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Table Salt Compound Discovered On Jupiter’s Moon Europa

Based on a new study (which can be read here), NASA announced that they found evidence of sodium chloride – which is a huge component found in sea salt and table salt – located on the surface of Jupiter’s moon Europa. This means that the subsurface ocean on Europa is quite similar to the oceans found right here on Earth.

Even though Europa’s ocean is underneath an icy crust, the sodium chloride can still be found on the surface of the moon because of cracks or even potential geysers. Although it was previously thought that magnesium sulfates were present on the moon’s surface, scientists used a visible-wavelength spectroscopy to detect the sodium chloride.

In order to prove that what they viewed was in fact sodium chloride, testing was conducted on similar ocean salts from here on Earth. The ocean salts were introduced to the same airless atmosphere that’s on Europa, as well as the same amount of radiation. What happened was that the salt changed to a yellowish color – the same color that was found on an area of Europa called Tara Regio.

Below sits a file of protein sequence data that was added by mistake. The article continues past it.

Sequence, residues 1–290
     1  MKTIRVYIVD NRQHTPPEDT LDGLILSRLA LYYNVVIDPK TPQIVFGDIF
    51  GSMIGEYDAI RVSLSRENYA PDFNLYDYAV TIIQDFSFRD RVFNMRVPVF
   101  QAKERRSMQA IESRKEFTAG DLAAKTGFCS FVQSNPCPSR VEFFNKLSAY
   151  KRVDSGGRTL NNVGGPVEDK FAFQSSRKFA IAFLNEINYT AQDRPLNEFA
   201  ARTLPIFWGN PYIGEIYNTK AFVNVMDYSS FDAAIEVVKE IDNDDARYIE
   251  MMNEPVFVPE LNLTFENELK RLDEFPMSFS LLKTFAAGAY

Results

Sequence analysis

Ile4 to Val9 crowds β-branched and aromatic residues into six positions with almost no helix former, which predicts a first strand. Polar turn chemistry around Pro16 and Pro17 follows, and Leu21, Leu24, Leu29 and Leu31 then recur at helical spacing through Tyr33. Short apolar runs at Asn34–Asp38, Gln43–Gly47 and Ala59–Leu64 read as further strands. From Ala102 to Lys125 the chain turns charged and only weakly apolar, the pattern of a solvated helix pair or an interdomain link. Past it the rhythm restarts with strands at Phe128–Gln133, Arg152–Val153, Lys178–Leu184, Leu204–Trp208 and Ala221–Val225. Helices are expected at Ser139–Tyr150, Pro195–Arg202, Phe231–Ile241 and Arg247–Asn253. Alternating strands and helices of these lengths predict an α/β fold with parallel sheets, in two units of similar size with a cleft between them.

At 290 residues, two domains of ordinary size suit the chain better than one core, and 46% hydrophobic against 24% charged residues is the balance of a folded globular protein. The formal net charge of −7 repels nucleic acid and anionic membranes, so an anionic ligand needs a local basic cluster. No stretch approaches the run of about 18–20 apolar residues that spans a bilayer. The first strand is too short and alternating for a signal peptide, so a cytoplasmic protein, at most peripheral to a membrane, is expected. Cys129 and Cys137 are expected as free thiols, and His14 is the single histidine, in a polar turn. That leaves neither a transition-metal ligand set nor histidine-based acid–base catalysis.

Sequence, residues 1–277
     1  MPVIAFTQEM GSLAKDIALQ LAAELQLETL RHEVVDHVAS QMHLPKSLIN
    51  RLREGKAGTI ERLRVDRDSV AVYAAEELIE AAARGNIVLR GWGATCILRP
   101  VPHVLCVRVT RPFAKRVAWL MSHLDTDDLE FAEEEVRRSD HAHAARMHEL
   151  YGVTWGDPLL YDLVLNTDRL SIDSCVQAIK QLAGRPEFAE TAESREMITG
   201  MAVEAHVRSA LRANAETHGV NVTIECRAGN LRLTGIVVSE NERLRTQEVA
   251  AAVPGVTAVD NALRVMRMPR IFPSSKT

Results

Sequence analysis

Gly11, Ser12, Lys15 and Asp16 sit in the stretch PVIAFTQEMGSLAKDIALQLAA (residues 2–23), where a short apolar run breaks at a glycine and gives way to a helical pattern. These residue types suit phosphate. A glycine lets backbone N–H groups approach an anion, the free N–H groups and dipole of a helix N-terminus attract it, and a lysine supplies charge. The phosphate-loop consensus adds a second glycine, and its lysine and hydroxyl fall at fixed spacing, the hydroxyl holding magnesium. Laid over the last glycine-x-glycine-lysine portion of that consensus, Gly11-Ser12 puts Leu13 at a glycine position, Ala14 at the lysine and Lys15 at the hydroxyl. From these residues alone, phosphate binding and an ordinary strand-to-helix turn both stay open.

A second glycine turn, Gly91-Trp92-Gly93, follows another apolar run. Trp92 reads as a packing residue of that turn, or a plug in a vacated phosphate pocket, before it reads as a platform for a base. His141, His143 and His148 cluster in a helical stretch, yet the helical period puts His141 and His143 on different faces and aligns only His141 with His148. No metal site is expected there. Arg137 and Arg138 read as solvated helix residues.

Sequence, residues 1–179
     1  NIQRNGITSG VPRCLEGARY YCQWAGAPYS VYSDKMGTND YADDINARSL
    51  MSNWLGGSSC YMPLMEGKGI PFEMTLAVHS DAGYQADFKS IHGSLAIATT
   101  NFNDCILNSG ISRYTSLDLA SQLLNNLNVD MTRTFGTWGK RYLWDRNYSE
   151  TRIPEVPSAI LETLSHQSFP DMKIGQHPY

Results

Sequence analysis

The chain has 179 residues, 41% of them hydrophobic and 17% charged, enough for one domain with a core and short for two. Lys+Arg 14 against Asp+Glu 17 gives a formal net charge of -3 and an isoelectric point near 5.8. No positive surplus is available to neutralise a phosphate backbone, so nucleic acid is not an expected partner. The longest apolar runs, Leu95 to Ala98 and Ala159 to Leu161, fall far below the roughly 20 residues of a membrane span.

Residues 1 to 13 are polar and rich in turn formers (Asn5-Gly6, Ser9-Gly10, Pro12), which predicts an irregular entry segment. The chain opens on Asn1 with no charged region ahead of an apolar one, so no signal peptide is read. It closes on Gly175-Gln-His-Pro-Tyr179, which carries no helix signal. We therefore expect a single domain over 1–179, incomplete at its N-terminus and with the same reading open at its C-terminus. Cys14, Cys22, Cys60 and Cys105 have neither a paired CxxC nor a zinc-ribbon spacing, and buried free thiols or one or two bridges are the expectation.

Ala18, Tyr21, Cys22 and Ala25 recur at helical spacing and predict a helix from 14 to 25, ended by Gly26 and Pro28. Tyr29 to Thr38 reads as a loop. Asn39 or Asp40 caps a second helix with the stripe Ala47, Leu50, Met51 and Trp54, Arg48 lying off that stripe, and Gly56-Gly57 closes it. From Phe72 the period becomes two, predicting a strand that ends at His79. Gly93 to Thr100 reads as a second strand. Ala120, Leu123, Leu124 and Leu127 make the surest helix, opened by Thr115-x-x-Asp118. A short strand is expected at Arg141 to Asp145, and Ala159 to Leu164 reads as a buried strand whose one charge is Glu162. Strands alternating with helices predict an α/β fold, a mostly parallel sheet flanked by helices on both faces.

There is another possible explanation and it’s that the sodium chloride could be part of different layers that were formed on the moon’s surface, meaning that it didn’t come from the subsurface ocean. More studies will have to be conducted in order to find out for sure where the sodium chloride came from. If it did in fact come from the subsurface ocean that would mean that the ocean floor remains hydrothermally active. And if it is hydrothermally active, there could possibly be living organisms there.

Europa

NASA’s Cassini mission collected data from Saturn’s moon Enceladus and it is believed that it also has hydrothermal vents on the ocean’s floor. In fact, based on water vapor samples collected by the spacecraft, they found salts and several organic molecules in Enceladus’ ocean. Future space missions will focus on possibly finding life on Enceladus as well as Europa.

It’s incredible to think that moons so far away from us could have oceans that are very similar to our own. Not to mention that there could be a tiny possibility that living organisms could be present on those moons.

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Jocelyne LeBlanc works full time as a writer and is also an author with two books currently published. She has written articles for several online websites, and had an article published in a Canadian magazine on the most haunted locations in Atlantic Canada. She has a fascination with the paranormal and ghost stories, especially those that included haunted houses. In her spare time, she loves reading, watching movies, making crafts, and watching hockey.